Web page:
We performed a systematic review of the literature investigating the demographic and insurance-related factors linked to disparities in multiple myeloma (MM) care patterns in the United States from 2003 to 2021. Forty-six observational studies were included. Disparities in MM care patterns were reported based on patient race in 76% of studies (34 out of 45 that captured race as a study variable), ethnicity in 60% (12 out of 20), insurance in 77% (17 out of 22), and distance from treating facility, urbanicity, or geographic region in 62% (13 out of 21). A smaller proportion of studies identified disparities in MM care patterns based on other socioeconomic characteristics, with 36% (9 out of 25) identifying disparities based on income estimate or employment status and 43% (6 out of 14) based on language barrier or education-related factors. Sociodemographic characteristics are frequently associated with disparities in care for individuals diagnosed with MM. There is a need for further research regarding modifiable determinants to accessing care such as insurance plan design, patient out-of-pocket costs, preauthorization criteria, as well as social determinants of health. This information can be used to develop actionable strategies for reducing MM health disparities and enhancing timely and high-quality MM care.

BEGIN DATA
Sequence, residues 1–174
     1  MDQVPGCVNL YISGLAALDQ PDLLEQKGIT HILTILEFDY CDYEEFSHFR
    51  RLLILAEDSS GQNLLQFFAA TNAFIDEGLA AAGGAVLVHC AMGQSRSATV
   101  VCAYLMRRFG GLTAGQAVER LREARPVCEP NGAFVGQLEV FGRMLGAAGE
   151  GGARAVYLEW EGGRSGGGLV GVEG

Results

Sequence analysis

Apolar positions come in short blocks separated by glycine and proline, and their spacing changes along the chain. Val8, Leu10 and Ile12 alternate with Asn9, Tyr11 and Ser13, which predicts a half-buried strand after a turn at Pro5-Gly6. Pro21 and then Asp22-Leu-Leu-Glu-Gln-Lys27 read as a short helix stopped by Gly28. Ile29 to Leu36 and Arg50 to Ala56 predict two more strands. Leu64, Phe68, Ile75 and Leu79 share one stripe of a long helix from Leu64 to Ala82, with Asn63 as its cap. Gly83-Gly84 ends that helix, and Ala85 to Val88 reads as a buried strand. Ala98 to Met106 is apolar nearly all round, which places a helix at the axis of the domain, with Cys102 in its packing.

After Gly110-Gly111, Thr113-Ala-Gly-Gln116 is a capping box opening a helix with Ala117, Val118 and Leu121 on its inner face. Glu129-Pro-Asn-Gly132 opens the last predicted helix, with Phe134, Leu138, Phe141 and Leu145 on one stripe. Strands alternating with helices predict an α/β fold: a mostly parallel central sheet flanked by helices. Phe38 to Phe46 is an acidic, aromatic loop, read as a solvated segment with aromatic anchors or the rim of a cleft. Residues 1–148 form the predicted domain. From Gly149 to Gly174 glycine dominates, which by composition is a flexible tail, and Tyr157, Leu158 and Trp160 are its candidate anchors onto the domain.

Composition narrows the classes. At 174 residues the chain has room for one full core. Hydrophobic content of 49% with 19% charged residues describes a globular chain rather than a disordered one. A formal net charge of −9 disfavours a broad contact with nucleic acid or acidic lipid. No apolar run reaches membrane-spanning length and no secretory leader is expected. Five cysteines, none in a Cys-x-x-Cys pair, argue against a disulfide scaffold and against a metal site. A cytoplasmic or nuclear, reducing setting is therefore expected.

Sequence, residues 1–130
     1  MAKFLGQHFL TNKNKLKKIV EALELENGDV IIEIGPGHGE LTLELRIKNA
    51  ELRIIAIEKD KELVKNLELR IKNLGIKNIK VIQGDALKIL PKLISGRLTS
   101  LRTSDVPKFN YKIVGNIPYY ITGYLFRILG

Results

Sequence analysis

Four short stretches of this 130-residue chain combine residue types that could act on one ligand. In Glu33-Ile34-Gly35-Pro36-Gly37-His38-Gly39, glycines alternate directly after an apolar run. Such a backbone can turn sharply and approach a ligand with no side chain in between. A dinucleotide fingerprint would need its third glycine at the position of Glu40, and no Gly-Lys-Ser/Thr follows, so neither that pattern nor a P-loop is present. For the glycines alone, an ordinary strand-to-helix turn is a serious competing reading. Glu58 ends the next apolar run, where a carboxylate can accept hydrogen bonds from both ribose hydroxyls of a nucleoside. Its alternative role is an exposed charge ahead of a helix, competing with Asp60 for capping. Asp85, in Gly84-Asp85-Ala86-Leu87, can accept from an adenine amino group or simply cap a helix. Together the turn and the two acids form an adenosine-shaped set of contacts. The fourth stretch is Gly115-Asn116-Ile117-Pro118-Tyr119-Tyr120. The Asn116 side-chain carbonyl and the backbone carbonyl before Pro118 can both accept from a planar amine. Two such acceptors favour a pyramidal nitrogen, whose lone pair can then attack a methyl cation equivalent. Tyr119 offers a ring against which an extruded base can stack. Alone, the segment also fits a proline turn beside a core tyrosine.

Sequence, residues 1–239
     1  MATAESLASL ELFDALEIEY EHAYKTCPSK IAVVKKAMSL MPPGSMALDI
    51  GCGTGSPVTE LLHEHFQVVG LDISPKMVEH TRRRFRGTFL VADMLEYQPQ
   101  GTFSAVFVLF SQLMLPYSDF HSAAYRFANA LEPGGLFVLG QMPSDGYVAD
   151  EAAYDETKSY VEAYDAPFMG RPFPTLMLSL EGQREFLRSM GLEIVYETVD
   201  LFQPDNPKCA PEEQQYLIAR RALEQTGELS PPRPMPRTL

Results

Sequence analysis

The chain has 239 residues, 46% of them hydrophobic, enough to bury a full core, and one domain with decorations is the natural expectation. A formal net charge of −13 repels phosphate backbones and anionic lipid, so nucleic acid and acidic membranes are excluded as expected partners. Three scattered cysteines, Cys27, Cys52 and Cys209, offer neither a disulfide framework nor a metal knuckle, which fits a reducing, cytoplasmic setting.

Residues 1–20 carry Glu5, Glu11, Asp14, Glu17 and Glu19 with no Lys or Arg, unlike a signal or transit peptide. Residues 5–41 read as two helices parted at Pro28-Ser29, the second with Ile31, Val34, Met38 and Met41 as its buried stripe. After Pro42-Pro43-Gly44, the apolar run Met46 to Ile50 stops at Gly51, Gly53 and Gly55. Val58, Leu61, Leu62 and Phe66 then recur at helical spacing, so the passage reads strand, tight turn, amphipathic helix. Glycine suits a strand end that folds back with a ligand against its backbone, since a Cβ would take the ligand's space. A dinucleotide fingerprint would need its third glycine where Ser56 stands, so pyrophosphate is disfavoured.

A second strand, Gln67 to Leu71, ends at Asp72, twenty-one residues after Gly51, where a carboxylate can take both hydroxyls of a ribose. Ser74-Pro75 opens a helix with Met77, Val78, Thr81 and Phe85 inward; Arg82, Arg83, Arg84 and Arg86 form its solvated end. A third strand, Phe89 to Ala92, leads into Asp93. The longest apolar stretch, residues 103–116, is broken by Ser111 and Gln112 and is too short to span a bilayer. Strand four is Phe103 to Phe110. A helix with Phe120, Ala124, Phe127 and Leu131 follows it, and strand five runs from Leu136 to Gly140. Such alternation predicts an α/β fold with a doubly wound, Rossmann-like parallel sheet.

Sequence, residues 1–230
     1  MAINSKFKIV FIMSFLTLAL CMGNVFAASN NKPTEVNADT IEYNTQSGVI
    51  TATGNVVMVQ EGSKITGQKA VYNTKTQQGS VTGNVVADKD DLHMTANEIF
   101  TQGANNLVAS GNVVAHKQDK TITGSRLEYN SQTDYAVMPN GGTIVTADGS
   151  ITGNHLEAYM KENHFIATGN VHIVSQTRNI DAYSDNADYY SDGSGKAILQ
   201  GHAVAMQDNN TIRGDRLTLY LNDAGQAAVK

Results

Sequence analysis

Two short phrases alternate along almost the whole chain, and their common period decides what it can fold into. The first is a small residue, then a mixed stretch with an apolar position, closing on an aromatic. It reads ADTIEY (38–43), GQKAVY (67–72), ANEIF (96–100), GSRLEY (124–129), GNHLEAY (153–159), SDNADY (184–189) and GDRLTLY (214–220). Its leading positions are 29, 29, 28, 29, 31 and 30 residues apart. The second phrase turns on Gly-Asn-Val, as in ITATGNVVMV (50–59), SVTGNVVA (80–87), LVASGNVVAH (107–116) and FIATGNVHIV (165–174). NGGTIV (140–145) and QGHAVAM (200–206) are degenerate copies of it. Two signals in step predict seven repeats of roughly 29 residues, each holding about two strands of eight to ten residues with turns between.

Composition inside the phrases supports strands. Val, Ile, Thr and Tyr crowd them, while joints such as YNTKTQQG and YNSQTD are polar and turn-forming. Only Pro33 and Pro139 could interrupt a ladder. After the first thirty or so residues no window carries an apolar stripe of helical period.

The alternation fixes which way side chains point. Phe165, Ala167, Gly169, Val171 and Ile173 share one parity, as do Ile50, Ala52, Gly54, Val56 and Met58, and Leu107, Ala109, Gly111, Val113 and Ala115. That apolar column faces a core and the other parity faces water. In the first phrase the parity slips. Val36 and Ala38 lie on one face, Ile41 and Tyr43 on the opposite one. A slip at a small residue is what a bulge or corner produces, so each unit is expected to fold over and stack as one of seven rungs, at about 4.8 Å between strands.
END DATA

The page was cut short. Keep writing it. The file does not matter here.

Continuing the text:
Original languageEnglish
Pages (from-to)e420-e427
JournalClinical Lymphoma, Myeloma and Leukemia
Issue number11
StatePublished - Nov 2023


  • Health equity
  • Health insurance
  • Hematologic malignancies
  • Race
  • Social determinants of health


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